Two interoperable implementations rule

Brendan Eich brendan at
Fri Jul 11 16:55:46 PDT 2008

On Jul 11, 2008, at 4:06 PM, Geoffrey Garen wrote:

>> Should a reference implementation, even if slow, count?
> My own opinion on this is "no."
> Since, for the most part, a reference implementation doesn't face the
> performance and maintainability challenges that shipping software
> faces, I don't think it fleshes out the same issues that a real-world
> implementation would.

I happen to agree, but this means there's more than a shared test  
suite in answer to Maciej's second question:

2) How is interoperability to be demonstrated? Do we accept good- 
faith claims of support, or do we need a test suite?

If only a test suite were enough, then the RI would have to count.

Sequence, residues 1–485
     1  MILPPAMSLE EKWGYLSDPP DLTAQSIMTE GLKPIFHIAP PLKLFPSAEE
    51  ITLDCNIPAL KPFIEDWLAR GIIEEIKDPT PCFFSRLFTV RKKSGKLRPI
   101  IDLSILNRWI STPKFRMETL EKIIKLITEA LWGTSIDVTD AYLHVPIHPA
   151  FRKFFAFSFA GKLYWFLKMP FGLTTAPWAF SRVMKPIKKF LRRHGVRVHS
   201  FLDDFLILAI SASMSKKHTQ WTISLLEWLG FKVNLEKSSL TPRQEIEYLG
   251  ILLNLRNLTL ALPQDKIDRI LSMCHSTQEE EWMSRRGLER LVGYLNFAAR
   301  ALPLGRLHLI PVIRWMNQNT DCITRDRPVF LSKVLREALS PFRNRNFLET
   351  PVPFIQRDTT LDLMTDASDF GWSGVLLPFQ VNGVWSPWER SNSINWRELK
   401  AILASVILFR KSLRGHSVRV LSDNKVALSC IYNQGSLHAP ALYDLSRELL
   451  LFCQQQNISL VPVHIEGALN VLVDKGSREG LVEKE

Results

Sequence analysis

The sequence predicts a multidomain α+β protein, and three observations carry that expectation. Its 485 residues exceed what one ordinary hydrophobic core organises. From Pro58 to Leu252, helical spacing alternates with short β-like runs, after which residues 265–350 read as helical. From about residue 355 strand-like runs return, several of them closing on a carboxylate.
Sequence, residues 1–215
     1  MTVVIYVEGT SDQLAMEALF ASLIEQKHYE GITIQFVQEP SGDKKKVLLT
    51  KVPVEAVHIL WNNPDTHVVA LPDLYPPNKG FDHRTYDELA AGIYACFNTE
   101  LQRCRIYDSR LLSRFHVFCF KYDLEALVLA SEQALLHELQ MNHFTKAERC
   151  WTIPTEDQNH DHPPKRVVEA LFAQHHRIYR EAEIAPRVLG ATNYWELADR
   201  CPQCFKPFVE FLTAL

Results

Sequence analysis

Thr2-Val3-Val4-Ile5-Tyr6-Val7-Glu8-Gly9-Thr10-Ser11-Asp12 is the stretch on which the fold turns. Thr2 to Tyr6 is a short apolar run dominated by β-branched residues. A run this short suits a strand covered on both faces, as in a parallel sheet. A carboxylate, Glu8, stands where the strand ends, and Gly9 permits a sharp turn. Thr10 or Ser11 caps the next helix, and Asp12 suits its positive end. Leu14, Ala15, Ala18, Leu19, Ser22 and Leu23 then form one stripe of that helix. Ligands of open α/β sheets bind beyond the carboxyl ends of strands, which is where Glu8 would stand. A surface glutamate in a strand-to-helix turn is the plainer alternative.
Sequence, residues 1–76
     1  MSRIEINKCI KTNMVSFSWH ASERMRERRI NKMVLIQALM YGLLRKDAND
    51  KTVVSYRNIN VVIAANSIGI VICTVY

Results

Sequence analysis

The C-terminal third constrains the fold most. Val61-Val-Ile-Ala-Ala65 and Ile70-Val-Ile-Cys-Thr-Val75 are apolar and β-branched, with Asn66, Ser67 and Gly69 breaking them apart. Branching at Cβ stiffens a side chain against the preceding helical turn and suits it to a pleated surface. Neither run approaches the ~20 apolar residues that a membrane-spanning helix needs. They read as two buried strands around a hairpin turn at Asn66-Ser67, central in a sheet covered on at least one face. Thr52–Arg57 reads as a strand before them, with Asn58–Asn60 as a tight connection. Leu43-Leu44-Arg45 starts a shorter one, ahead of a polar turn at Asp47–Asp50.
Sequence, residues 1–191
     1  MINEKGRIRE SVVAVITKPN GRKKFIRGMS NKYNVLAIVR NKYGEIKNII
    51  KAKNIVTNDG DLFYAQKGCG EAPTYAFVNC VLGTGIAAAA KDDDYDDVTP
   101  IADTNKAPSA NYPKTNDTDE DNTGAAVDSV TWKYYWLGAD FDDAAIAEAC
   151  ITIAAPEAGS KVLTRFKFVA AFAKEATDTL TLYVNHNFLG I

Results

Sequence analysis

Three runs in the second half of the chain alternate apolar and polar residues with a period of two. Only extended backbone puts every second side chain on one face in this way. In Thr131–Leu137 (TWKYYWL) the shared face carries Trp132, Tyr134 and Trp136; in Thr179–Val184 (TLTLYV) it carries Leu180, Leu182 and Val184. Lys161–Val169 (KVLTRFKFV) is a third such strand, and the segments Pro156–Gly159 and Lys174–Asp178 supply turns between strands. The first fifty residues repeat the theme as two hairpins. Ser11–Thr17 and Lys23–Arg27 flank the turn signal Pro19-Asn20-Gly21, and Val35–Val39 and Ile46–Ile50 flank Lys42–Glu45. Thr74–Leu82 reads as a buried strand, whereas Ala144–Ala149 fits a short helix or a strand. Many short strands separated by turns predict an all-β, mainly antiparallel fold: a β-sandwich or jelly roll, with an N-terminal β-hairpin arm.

The chicken-and-egg problems with prototype implementations and draft  
specs suggest that we need all of tests, users banging on prototypes  
and causing new (reduced) tests to be written, and of course specs  
(ideally testable, which is the primary reason for the RI).

It will take nice judgment along with hard work to reach the point  
where we believe the specs should be standardized. It's clear some  
vendors won't want to risk implementing and shipping something that  
has not yet been standardized. I don't want to over-formalize at this  
point, but I'm happy to exclude the RI in the "Two interoperable  
implementations" rule.


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